...and if I had a tablet that'd let me draw directly on the screen, I wouldn't have to undo my strokes 15 times until it finally lands where I want it to.

    It's funny that you brought up XP-PEN, because after posting my last reply, I started looking at different tablets. It seems they're the best alternative to Wacom for someone who isn't an absolute, cutting edge pro. They're stable, slick, have nice features, and, most importantly, don't cost the earth. This tablet in particular has caught my eye. It's less than half the price of an iPad Pro with a Pencil, and it's just kinda neat overall. Not super fancy, but it seems to do the tablet thing pretty well. I've been looking for an excuse to grab a 2nd monitor for my computer anyway, so this is kinda tempting me.

    But like you said, portability is a nice advantage. I'm not tethered to my study with it. Hmm...

    Now, pen stabilizers. I've turned it on a couple of times, but I didn't want to use it too much out of fear that it'd end up becoming a crutch for me. I figured it'd be better to learn how to draw smooth lines without any assistance, only using the stabilizers as an extra boost here and there. I'll keep a more open mind to them from here on out.

    Oh, and since you brought up Krita. Well, uh...I did cheat a bit, and used it to tile my last wood floor. I know, I know. This is an Affinity board. I shouldn't talk about the competition here. But comeon. It's wraparound mode is an absolute godsend for doing textures. I'd love to see that feature in Photo.

    ...and while we're wishlisting, smoother canvas rotation would be nice too. 

  20. 1 hour ago, SrPx said:

    I handle the wacom now almost as I'd do on paper (and I trained mostly on paper, so..). I'd say the issue, more than the texture of the paper, is the coordination of hand-eye-screen. That's why a ton of people find it easier to use a display-pen (ie, cintiq, or XP-PEN 22, Yiynova, Huion or etc) rather than a pen-tablet. Even with a cintiq or alternative, your hand control is still of much higher "resolution", way less jittery than the best wacom solution today. That's what you notice, and is not your fault. It requires certain long term training with a wacom or similar. The path is shorter with a cintiq or cintiq alternative, as you paint in way more similar to traditional drawing and painting,  but I am in this belief of pen-tablets not only being cheaper, they're in my opinion also healthier (eyesight, back, and neck).  Even more the case with small screens like the Cintiq 13" or ANY iPad Pro. The wonders gained in technology are lost by the small screen.

    Remember you can also activate line smoothing. I don't have an issue now with even accurate, detailed ink line art (in CSP I don't need line smoothing anymore (probably it already averages the line in zero value)), and if anything, only slight line smoothing (probably matching the only bit needed to compensate the magnetic tablet system. As I've no line shaking at all in paper) when using something like A. Photo or similar.The procedure I lately recommend to all going traditional---> digital is this : Start with heavy line smoothing setting. Practically all important painting software apps do have it today. Then, go forcing yourself into lowering that setting, never past the line where you 'd feel uncomfortable or doing too many "tries" for each line (btw, is a total joy when you don't need the tries anymore). so that you can have more freshness and control over the line. At some point you don't need it that much.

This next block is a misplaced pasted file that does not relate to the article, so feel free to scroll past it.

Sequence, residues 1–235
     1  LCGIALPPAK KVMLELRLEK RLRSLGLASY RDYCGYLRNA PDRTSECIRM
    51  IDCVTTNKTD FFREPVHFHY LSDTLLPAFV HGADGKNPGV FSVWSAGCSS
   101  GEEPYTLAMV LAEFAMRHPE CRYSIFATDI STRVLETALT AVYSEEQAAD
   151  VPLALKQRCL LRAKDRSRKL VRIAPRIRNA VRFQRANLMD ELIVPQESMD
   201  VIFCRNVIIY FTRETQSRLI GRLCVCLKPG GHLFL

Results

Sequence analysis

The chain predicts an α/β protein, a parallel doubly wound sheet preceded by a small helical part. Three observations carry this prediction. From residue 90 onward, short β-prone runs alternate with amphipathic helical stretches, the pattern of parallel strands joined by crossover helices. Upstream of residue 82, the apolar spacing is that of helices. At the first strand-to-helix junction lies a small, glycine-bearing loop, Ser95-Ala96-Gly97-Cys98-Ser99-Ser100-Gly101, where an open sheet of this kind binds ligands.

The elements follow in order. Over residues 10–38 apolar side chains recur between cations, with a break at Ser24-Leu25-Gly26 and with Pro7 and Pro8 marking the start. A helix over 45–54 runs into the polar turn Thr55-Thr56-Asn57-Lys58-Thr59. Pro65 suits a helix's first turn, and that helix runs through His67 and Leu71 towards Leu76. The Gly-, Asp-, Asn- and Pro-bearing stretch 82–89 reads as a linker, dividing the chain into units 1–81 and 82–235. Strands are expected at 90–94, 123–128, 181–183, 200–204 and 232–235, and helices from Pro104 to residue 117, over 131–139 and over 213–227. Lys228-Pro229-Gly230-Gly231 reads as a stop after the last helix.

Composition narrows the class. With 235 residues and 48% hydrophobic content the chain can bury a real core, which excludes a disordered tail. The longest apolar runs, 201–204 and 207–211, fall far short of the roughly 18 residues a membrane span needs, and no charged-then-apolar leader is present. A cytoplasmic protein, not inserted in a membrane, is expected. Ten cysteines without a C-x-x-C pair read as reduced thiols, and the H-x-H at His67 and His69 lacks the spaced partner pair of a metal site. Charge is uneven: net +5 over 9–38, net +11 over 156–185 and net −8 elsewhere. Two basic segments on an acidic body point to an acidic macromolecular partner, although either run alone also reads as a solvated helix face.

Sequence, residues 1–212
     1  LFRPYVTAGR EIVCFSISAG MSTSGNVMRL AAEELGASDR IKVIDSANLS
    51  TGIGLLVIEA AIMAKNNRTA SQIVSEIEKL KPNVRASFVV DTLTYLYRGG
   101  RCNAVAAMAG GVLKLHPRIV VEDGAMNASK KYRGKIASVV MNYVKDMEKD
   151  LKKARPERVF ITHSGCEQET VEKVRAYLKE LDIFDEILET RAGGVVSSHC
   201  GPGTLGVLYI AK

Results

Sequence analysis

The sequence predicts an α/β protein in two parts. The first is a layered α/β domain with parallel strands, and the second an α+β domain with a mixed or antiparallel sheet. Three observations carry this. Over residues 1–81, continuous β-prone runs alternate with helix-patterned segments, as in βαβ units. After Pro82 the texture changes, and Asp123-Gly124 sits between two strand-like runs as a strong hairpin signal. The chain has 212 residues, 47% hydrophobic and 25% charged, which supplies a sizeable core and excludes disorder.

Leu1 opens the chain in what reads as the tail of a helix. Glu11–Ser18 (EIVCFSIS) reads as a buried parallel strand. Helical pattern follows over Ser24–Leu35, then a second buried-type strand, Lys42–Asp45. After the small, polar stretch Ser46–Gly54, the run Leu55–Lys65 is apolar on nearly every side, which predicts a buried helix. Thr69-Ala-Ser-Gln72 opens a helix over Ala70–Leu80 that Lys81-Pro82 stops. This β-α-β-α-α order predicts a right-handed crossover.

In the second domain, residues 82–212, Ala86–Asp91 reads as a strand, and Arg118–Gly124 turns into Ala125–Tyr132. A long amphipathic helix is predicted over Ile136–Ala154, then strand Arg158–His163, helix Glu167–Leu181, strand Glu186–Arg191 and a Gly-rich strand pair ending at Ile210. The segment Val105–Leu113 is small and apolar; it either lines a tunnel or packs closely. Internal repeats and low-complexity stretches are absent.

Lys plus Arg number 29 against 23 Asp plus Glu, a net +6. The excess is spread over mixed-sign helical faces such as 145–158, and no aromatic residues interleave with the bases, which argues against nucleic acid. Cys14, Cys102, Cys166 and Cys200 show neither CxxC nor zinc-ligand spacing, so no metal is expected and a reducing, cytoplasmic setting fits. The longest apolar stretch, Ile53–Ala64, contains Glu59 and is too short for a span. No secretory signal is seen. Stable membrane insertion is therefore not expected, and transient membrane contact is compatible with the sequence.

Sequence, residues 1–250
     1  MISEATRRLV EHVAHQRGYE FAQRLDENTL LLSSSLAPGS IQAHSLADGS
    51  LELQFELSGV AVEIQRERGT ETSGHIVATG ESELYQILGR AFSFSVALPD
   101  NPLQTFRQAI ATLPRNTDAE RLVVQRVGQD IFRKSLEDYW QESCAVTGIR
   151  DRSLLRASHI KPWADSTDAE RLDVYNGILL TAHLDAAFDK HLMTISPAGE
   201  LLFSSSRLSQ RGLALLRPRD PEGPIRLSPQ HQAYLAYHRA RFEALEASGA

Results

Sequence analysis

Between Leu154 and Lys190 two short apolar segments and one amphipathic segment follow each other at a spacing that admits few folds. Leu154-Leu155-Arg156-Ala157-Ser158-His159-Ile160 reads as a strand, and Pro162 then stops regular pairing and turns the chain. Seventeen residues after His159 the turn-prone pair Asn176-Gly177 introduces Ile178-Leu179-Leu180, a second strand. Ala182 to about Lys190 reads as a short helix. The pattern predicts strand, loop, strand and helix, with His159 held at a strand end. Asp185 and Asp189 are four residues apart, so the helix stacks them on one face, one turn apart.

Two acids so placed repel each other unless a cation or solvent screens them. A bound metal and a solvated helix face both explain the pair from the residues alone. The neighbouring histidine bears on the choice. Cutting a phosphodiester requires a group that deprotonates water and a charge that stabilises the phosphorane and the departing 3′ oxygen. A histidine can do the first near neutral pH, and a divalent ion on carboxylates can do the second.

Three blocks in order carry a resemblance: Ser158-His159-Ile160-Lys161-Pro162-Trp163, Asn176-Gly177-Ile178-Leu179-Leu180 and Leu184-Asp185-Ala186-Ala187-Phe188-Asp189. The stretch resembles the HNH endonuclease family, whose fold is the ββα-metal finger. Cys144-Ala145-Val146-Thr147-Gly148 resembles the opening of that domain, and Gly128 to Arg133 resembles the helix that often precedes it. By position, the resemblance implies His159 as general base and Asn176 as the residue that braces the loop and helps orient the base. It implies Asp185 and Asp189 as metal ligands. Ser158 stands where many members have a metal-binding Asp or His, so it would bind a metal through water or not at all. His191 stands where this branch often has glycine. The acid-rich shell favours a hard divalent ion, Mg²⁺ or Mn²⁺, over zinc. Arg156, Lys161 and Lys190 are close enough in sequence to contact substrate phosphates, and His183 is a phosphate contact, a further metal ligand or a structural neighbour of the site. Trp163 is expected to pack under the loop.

My biggest problem right now isn't that I have sloppy lines. I'm fairly decent at doing quick strokes, and drawing from the elbow. It's my hand-eye coordination that needs a lot of work. When I'm drawing on paper, I pretty well know where my strokes will go, probably due to the fact that everything is within my field of vision. With a tablet, I've got it down below me, and my eyes are aimed away from it, up towards my monitor. The end result is that I'm all over the place. Things I can easily do on paper, like drawing a random shape, then tracing over it without any huge variances in my strokes, I CANNOT do with a tablet. It annoys me to no end, though I am getting better at it.

    ...slowly and surely.

    There's also the fact that I cheaped out, and opted for the itty bitty Intuos Art. It doesn't bother me much, though I am starting to see how a larger tablet would serve me better. Like if I'm drawing a long line, and I start getting towards the edge. My strokes get shakier the closer I bring my elbow in towards my body. With a larger tablet (and a better all around general setup, honesty), I wouldn't have to worry about that.

    As for screens with what to draw upon, I actually had a Surface Pro 4 up until here recently. It was...eh, alright. I never drew on it much, because desktop applications felt crowded on a screen that small, the pen felt floaty, and the screen would flex inwards when I put pressure on it. In contrast, I tried out an iPad Pro-Apple Pencil combo a little while back, and loved every second of it. The only complaint I had was that drawing on glass feels a little too smooth, but getting a paper texture screen protector like gdenby mentioned above would probably fix that. Moreso than getting a larger Intuos, or opting for a Cintiq, I'm deeply tempted to grab a Pro for myself.